LOS ANGELES - Some folks celebrate their last home mortgage payment by setting fire to their loan agreement. Lately, people behind on their mortgages are simply setting fire to their homes.
In what appears to be the latest symptom of the US mortgage meltdown and credit crisis, insurers, law enforcement, and state agencies nationwide have reported a jump in home and auto fires in the past year set by owners unable to pay debts. The numbers are small, but they're leading the insurance industry to scrutinize what seem to be routine blazes.
"We've seen a dramatic increase in this kind of fraud," said Dan Bales, director of fraud investigations at Mercury Insurance. "People upside down on their house with variable interest-rate loans, or upside down on their cars, are pretty quick to burn their property right now."
Last week, a Sacramento-area couple was arrested on charges that they burned their Jeep and drove their Nissan pickup into a river, then filed insurance claims. Investigators said the wife admitted she was trying to escape her $600 monthly car payment.
Three weeks ago, police arrested a woman in Easley, S.C., and accused her of deliberately setting fire to her home just three days after the bank hung a foreclosure notice on her door. In January, an Omaha man was charged with arranging to have his three-bedroom house burned down to avoid losing it to the bank.
The fires are keeping fraud investigators such as Anne Luce occupied. "I'm busier . . . than a one-armed paperhanger," said Luce, who works on auto cases for Bristol West Insurance's special-investigations unit.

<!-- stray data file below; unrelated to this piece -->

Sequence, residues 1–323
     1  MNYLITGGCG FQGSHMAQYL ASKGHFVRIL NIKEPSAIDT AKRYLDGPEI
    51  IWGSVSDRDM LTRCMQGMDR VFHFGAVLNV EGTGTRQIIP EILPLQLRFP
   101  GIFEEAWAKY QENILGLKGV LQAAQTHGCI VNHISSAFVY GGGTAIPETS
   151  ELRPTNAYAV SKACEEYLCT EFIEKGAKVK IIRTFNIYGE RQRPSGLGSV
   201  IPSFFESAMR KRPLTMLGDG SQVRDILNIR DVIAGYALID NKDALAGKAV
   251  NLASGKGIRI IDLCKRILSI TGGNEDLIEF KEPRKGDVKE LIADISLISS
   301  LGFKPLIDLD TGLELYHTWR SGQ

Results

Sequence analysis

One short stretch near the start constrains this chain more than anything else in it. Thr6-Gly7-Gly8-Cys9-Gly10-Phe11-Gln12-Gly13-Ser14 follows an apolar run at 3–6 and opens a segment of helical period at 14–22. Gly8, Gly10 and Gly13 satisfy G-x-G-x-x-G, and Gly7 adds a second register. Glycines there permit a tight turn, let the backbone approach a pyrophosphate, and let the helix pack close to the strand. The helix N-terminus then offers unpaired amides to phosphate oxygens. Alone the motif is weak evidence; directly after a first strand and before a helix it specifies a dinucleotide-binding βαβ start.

These financially motivated fires are surprising some officials, because they come after a decadelong decline in overall arson rates nationwide. Few state or federal agencies categorize arson in terms of the financial status of liens on the property, making nationwide figures elusive. Still, areas of the country are showing a significant increase.
Insurers referred 14 cases of questionable home fires as having foreclosure avoidance as a possible motive to the California Department of Insurance last year, up from seven in 2006 and two in 2005. In the same three-year period, reports of auto arson increased one-third, to 343 cases last year.
In Ohio, the total number of reported "auto owner give-ups" - insurance jargon for fraudulent car fires and staged car thefts - rose 150 percent between 2005 and 2007, to 245 cases last year.
This month, insurers say they are meeting with California investigators to discuss potential fraud during last fall's wildfires - including the prospect that some of the 2,000 burned homes were cases of opportune arson.